When Lower Extremity Dysfunction Contributes To Back Pain

George C. Trachtenberg, DPM

In conclusion, I think podiatric practitioners should be looking closely at patients with complaints of low back pain and carefully assess their walking mechanics. It is imperative to assess movement difficulties and dysfunctions in the sagittal plane when evaluating and treating these particular patients. The results of eliminating podiatric biomechanical dysfunctions through appropriate orthotic treatment, particularly when addressing abnormal conditions in the sagittal plane, can yield remarkable results for the patient with low back dysfunction.

   Dr. Trachtenberg is in private practice in Vestal, N.Y. He specializes in video and computerized gait analysis to evaluate the postural effects of abnormal walking that can lead to disorders affecting the knees, hips, back and other related musculoskeletal dysfunctions. Dr. Trachtenberg is a Fellow of the American College of Foot and Ankle Surgeons, and a Diplomate of the American Board of Podiatric Surgery.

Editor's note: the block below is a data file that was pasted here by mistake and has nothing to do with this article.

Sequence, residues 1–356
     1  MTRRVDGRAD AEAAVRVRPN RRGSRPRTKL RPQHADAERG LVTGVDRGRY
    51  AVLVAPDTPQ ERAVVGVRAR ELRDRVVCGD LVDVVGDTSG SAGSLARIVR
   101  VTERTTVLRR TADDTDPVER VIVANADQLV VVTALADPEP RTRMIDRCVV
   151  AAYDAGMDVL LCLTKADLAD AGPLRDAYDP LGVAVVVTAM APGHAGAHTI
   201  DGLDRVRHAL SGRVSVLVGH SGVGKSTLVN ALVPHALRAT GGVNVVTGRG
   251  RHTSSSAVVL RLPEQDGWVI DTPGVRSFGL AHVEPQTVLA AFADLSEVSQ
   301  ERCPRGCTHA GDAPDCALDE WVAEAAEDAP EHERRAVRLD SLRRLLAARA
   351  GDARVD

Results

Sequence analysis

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Very informative and important paper.

I would just like to add that flexion of the spine can also be a result of the pelvis rotating posteriorly, which is called a posterior innominate. Comparing the PSIS to the ground in neutral calcaneal stance position to relaxed calcaneal stance position will help in ascertaining how orthoses will help in unilateral cases.

I am presently doing a study on the relationship of the lateral talus subluxation to the posterior innominate.

Eventually, we should become part of the team to treat the back.

Are there any recommendations for soft vs hard heel lifts in back pain?

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